Journal Article

Development and validation of a general health literacy test in Singapore

Yu Ko, Joyce Yu-Chia Lee, Matthias Paul Han Sim Toh, Wern-Ee Tang and Audrey Siok-Ling Tan

in Health Promotion International

Volume 27, issue 1, pages 45-51
Published in print March 2012 | ISSN: 0957-4824
Published online April 2011 | e-ISSN: 1460-2245 | DOI:
Development and validation of a general health literacy test in Singapore

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Due to the concern of equating correct pronunciation with comprehension and the differences in health care systems, existing health literacy (HL) instruments may not be appropriate for or applicable to English-speaking countries other than the USA. The purpose of this study was to develop and validate the Health Literacy Test for Singapore (HLTS), which is an adapted version of the Short-Test of Functional Health Literacy in Adults. Three hundred and two patients were interviewed and administered the HLTS, the Newest Vital Sign (NVS), a demographic questionnaire, and a knowledge test of chronic diseases. The convergent validity of HLTS was determined by examining the association between HLTS and NVS HL levels, whereas predictive validity was tested by examining the difference in knowledge of chronic conditions between the two HLTS HL (i.e. adequate and inadequate HL) groups. Bivariate correlation of HLTS HL levels with age and education was assessed to test a priori hypotheses that patients with inadequate HL were older and less educated. The results showed that HLTS displayed good internal reliability (Cronbach's alpha = 0.87). The correlation between HLTS and NVS was moderate (γ = 0.55; P = 0.005) and individuals with inadequate HL were older (P = 0.002) and less educated (P = 0.007). In addition, patients with adequate HL had a higher mean score on the chronic disease knowledge test (P = 0.036). In conclusion, the HLTS is a valid and reliable measure for assessing Singaporeans ability to read and comprehend health-related materials written in English.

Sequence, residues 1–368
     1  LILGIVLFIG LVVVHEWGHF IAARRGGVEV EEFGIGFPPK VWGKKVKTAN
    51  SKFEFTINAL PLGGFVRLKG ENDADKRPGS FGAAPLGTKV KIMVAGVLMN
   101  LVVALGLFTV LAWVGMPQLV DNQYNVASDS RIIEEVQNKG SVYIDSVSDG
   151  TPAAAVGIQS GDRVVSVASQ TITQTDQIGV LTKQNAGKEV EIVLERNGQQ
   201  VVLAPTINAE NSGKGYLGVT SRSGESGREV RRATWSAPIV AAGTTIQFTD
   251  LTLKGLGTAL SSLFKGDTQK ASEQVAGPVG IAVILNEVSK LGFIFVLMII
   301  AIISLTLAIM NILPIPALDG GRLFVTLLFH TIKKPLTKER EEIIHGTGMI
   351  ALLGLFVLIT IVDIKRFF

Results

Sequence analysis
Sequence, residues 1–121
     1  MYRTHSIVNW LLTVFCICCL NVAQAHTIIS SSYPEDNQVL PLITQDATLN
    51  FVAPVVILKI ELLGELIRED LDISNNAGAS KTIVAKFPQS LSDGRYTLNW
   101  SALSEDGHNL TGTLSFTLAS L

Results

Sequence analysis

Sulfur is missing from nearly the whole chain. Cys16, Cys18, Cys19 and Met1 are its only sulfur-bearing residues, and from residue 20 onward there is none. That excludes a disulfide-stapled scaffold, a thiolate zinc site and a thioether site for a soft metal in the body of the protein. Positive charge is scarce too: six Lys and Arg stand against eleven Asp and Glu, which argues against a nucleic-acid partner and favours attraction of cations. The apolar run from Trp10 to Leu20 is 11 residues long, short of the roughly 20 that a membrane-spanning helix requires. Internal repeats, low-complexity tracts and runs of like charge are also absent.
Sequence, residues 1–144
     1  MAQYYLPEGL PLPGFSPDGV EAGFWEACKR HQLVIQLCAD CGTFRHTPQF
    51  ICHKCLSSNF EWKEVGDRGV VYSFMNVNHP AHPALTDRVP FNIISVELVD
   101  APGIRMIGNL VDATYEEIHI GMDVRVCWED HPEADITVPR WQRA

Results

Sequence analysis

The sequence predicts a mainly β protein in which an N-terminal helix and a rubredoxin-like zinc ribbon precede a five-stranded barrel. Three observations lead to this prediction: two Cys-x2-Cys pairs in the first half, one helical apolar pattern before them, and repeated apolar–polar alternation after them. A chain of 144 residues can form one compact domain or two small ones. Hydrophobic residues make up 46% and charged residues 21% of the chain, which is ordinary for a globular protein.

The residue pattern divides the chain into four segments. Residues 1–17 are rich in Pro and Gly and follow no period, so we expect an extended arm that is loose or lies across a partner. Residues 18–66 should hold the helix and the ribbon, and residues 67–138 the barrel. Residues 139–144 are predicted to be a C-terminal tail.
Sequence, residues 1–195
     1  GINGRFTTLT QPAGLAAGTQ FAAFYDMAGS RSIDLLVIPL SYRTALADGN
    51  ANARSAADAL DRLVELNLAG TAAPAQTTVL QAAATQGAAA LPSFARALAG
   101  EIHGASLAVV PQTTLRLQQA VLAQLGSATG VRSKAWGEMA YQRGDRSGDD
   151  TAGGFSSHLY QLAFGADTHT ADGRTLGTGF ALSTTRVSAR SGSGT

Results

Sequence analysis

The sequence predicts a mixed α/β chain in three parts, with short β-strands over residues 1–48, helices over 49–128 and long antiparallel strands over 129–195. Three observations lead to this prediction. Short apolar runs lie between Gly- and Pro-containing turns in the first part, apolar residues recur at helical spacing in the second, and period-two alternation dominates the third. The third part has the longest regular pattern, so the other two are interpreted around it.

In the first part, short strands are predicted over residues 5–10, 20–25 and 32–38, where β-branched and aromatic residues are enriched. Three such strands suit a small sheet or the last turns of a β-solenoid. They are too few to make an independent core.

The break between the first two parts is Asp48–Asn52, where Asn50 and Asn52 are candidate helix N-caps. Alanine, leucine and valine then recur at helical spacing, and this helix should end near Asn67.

Keywords: health literacy; instrument validation; STOFHLA; Singapore

Journal Article.  2795 words. 

Subjects: Public Health and Epidemiology

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